Nestlé Upcycling Cacoa Pod Leftovers Into New Chocolate Without any Added Sugar

Nestlé has created a KitKat bar that combines two things, chocolate and upcycling. Bloomberg reported yesterday that the Swiss candy maker has developed a way to use leftover material from cocoa plants to sweeten dark chocolate with no additional sugar.

How is this confectionary wizardry possible? Bloomberg writes, “The food company is using a patented technique to turn the white pulp that covers cocoa beans into a powder that naturally contains sugar.” Traditionally, this pulp has been thrown out, but by upcycling it, Nestlé can sweeten the bars without adding more sugar. This 70 percent dark chocolate KitKat bar will have “as much as 40 percent less sugar than most equivalent bars with added sugar,” according to Bloomberg, and will go on sale in Japan this fall.

An amusing sidenote to this story is that this discovery seems to be a bit of serendipity. Nestlé said it hadn’t set out to reduce the sugar, but was focused more on developing new ways to make chocolate using more of the cocoa pod. But we know that the company, facing consumers who are more health conscious and rising obesity rates, has been working on reducing sugars in its products. A little over a year ago Nestlé debuted a process of restructuring sugar that gave it more surface area and thus required using less of it while maintaining the same level of sweetness.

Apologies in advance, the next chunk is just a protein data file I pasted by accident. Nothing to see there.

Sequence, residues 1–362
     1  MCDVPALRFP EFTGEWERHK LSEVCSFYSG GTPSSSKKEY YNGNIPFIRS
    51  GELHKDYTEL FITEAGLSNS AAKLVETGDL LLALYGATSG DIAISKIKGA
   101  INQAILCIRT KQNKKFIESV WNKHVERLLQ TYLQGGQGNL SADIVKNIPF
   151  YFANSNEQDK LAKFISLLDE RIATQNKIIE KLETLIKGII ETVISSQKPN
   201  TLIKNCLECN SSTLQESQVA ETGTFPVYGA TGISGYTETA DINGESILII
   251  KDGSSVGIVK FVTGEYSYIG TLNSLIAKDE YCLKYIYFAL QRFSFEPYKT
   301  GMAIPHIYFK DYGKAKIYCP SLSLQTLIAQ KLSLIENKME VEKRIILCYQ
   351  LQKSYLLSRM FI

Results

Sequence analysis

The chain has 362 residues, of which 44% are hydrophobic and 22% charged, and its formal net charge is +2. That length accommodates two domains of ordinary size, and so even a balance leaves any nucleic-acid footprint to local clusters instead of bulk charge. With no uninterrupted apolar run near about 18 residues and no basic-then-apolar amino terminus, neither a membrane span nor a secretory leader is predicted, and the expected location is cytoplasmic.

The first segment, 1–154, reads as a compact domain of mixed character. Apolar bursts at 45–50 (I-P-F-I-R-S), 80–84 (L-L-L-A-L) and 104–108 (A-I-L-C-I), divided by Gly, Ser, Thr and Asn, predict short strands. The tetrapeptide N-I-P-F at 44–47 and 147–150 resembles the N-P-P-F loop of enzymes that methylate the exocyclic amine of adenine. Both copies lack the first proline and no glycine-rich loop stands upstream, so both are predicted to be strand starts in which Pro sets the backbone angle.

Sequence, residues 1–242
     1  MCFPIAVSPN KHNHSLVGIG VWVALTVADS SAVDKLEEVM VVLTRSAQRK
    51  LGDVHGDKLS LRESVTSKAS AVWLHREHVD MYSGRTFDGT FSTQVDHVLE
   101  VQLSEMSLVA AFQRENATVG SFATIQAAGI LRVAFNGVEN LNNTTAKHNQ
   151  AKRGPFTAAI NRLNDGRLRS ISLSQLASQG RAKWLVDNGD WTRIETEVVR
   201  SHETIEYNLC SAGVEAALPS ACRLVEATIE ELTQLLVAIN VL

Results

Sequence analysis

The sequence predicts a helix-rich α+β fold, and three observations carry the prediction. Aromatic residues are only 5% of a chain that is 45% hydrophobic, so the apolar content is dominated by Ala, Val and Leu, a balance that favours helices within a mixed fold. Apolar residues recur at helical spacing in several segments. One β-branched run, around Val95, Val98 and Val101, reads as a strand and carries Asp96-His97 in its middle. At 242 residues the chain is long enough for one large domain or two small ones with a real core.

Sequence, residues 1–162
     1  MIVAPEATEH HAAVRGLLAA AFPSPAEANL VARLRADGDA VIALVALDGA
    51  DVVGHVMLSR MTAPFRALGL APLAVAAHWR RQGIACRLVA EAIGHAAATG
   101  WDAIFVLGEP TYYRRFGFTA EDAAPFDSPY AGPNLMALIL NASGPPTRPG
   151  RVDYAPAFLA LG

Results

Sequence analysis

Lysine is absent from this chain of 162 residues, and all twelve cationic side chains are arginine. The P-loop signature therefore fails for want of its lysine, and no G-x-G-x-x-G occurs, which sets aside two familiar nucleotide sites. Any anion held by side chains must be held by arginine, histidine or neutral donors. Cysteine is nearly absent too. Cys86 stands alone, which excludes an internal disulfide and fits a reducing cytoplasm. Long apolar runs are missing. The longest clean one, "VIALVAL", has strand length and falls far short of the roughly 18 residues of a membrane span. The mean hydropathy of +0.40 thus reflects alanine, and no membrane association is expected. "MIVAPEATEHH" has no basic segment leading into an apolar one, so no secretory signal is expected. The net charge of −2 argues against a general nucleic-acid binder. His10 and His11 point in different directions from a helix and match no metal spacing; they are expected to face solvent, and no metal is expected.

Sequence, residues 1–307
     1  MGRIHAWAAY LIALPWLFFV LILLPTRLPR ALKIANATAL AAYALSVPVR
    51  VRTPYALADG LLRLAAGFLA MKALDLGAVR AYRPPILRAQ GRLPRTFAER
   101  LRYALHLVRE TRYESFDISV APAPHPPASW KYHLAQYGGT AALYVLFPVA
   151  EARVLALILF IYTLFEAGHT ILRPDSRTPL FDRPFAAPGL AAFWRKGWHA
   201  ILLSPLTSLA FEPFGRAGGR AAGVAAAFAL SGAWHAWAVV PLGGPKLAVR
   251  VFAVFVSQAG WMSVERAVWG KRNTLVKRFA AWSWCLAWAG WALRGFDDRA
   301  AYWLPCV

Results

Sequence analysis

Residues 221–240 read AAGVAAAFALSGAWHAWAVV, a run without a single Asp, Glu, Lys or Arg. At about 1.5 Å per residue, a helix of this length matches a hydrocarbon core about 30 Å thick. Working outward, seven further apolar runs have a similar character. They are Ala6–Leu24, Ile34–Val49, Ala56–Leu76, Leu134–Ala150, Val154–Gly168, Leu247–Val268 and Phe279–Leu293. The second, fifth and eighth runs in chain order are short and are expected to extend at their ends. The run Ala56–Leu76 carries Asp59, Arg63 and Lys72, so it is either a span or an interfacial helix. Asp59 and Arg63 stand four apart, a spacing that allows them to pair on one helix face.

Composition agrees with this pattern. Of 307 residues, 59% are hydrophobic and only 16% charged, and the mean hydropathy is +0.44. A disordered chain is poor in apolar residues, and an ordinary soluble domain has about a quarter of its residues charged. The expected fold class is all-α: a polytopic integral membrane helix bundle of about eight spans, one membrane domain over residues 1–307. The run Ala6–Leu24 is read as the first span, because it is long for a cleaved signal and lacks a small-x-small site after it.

And Nestlé isn’t alone in looking to satisfy our global sweet tooth without sacrificing flavor. Israeli startup DouxMatok raised $22 million last month for its technology that uses silica to help sugar diffuse more efficiently in our mouths, so less is required. And in May, Singapore-based Nutrition Innovation raised $5 million for its Nucane, which is a lower glycemic sugar made via a different type of processing at sugar mills.

Nestlé said its new process could expand beyond dark chocolate and into milk and white chocolate as well. Even sweeter than the reduction in sugar is the reduction in food waste. Hopefully other companies will have cravings to follow suit.

Source: The Spoon

Infographic: A Daily Meal with 25 grams Added Sugars vs One with 50 grams

Source: Greatist

Fruit Sugars vs. Other Sugars

Zawn Villines wrote . . . . . . . . .

The sugars that manufacturers most commonly use in foods include:

  • corn syrup, which is usually 100% glucose
  • fructose, which is sugar from fruit
  • galactose, which forms the milk sugar lactose when combined with glucose
  • high fructose corn syrup, which combines refined fructose and glucose but with a higher percentage of fructose
  • maltose, which is from two glucose units
  • sucrose, or white or table sugar, which is equal parts fructose and glucose

These sugars differ from fruit sugar because they undergo processing and manufacturers tend to overuse them as additives in food and other products. Our bodies also metabolize these sugars more quickly.

For example, sucrose can make coffee sweeter, and high fructose corn syrup is a common additive in many processed products, such as soda, fruit snacks and bars, and more.

Potential risks

Research consistently links refined and added fructose, both of which are present in sugar and sweetened products, to a higher risk of health conditions such as diabetes and heart disease.

It is worth reiterating, however, that this research looked exclusively at fructose in its processed form as an additive in sweetened foods, not at fructose from whole fruits.